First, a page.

When I explain my brand strategy framework I boil it down to claim and proof. One brand claim, supported by three proof planks. Claim has many synonyms in the marketing and ad world. People use words like “promise,” “key thought,” “position” and scads more. I use claim because it fits nicely with proof. The best branding – and advertising, for that matter – makes a claim of product superiority or differentiation then pooves it. Claim and proof fit like a glove.
After researching brands during the so-called discovery process, and when ready to actually developing a brand strategy, I am looking for real, tangible evidence of superiority and differentiation. Not marko-babble. Not copywritten superlatives. Real actions, outcomes and existential proof. For instance, I don’t look for the word fresh, I look for the words locally grown. I’m not interested in quality furniture, I’m interested in hand-made by second-generation craftsman.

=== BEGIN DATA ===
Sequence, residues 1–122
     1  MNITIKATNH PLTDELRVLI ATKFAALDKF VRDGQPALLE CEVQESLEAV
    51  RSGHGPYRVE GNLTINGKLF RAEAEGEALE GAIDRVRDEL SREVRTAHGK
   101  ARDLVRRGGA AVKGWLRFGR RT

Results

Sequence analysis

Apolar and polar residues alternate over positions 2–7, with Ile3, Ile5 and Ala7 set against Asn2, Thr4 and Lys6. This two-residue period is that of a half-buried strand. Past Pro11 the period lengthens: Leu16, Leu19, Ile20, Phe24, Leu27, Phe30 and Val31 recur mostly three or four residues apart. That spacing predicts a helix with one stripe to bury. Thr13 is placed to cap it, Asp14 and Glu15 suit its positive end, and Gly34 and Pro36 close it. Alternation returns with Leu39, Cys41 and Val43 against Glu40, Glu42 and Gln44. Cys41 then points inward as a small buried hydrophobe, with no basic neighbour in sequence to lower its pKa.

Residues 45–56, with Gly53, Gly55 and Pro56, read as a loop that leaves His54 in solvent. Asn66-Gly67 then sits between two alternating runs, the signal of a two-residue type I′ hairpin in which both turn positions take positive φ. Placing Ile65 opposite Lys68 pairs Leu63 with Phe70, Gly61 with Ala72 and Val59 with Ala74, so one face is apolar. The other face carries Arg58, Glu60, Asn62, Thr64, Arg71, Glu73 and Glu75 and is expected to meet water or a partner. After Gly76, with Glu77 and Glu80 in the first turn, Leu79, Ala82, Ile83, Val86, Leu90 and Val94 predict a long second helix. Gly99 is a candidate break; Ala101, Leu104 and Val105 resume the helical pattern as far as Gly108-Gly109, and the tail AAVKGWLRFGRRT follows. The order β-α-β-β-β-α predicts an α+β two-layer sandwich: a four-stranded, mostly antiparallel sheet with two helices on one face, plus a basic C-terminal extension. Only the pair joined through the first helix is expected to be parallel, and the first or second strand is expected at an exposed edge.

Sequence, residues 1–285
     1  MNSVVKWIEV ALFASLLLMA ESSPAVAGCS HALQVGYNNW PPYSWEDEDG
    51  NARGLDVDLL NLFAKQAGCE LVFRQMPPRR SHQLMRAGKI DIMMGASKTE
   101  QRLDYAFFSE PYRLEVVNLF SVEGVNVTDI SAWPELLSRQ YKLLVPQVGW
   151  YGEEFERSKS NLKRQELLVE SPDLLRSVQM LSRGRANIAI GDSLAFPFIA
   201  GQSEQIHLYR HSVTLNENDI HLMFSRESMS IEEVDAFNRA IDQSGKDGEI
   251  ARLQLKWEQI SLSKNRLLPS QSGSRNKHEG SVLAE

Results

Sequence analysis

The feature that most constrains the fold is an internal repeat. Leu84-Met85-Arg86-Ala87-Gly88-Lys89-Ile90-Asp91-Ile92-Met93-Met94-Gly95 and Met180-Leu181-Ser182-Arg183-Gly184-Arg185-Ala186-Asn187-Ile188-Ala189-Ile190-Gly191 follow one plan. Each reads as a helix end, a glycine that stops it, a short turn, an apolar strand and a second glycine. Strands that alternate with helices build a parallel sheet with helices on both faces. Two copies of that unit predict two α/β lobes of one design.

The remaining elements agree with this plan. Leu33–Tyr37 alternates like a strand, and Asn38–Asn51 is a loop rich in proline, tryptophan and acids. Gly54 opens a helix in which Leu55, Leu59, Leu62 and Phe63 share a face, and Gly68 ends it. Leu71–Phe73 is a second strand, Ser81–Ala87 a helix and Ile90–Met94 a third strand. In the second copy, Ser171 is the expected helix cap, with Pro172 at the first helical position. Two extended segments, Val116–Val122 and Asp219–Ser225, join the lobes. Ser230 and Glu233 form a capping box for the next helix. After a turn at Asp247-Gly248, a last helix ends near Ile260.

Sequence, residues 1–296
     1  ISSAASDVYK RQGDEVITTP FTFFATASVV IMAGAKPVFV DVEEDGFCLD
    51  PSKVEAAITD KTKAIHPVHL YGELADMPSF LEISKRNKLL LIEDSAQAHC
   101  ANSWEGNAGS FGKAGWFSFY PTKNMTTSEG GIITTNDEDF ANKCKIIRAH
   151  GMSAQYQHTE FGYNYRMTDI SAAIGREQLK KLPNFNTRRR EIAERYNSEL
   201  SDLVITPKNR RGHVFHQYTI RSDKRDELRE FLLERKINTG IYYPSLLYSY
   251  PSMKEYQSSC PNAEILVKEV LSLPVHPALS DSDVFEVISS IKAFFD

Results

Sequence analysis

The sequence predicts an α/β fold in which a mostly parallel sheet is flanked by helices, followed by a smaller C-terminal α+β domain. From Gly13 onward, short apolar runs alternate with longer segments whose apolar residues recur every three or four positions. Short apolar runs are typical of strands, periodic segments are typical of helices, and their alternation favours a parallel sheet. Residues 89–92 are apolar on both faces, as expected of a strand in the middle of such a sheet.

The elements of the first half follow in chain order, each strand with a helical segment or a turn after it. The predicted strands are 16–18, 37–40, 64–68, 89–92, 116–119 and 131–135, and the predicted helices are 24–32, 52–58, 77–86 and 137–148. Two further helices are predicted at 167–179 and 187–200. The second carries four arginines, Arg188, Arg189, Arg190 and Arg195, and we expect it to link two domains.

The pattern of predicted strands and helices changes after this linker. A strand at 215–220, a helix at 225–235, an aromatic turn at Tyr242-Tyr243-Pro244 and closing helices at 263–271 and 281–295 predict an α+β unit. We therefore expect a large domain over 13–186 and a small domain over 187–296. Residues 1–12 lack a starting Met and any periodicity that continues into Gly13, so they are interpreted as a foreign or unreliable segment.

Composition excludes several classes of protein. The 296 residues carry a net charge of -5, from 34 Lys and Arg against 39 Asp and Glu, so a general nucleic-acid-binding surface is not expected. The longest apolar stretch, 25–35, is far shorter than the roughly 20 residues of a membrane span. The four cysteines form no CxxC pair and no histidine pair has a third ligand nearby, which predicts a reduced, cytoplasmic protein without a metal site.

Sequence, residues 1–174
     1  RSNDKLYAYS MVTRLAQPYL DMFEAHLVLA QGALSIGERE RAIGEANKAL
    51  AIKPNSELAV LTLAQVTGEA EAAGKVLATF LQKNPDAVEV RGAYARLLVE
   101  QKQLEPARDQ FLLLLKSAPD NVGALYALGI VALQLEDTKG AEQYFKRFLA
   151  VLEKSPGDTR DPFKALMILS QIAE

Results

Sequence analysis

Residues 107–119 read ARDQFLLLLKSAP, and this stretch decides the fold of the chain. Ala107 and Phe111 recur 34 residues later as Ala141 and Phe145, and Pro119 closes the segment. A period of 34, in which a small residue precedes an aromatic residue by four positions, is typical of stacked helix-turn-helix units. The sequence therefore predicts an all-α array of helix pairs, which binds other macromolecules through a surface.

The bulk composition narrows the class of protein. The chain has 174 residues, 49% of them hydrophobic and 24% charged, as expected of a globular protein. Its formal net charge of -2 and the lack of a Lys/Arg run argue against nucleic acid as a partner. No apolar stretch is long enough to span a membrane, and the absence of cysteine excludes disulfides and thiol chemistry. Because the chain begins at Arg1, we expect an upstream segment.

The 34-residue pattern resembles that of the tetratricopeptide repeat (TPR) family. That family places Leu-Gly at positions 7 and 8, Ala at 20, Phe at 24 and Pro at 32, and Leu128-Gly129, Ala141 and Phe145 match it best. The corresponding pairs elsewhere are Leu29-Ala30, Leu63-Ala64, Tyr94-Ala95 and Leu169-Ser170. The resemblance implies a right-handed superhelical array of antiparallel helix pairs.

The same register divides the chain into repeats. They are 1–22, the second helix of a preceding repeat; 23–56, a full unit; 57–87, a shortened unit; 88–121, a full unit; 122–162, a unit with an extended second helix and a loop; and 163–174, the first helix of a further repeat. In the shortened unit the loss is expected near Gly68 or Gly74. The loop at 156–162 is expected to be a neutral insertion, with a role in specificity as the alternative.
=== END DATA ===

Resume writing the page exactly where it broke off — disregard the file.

To be frank, claims are a dime a dozen. They are a drop in a tsunami of claims made every day in the advertising world. Claims are just words, just copy. Without the proof that connects them to the consumers’ brain there’s no resonance. Proof makes a claim make sense.
Brand strategy needs to be steeped in proof. Ad agencies are responsible for bringing proof to life. Bad advertising brings the claim to life.